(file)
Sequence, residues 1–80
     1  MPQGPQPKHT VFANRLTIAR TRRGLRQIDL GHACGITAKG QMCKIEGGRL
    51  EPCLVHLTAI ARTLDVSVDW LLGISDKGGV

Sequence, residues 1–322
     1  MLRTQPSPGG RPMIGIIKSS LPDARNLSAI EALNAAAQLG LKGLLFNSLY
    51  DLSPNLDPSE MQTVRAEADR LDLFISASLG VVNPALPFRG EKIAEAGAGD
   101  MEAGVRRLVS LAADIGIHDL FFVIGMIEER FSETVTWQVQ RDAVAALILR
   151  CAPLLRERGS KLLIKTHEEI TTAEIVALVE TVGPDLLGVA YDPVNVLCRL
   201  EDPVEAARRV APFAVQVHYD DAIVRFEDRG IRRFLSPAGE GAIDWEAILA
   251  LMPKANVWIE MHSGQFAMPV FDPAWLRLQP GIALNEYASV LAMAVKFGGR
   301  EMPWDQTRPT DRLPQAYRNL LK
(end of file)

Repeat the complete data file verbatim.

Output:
Sequence, residues 1–80
     1  MPQGPQPKHT VFANRLTIAR TRRGLRQIDL GHACGITAKG QMCKIEGGRL
    51  EPCLVHLTAI ARTLDVSVDW LLGISDKGGV

Sequence, residues 1–322
     1  MLRTQPSPGG RPMIGIIKSS LPDARNLSAI EALNAAAQLG LKGLLFNSLY
    51  DLSPNLDPSE MQTVRAEADR LDLFISASLG VVNPALPFRG EKIAEAGAGD
   101  MEAGVRRLVS LAADIGIHDL FFVIGMIEER FSETVTWQVQ RDAVAALILR
   151  CAPLLRERGS KLLIKTHEEI TTAEIVALVE TVGPDLLGVA YDPVNVLCRL
   201  EDPVEAARRV APFAVQVHYD DAIVRFEDRG IRRFLSPAGE GAIDWEAILA
   251  LMPKANVWIE MHSGQFAMPV FDPAWLRLQP GIALNEYASV LAMAVKFGGR
   301  EMPWDQTRPT DRLPQAYRNL LK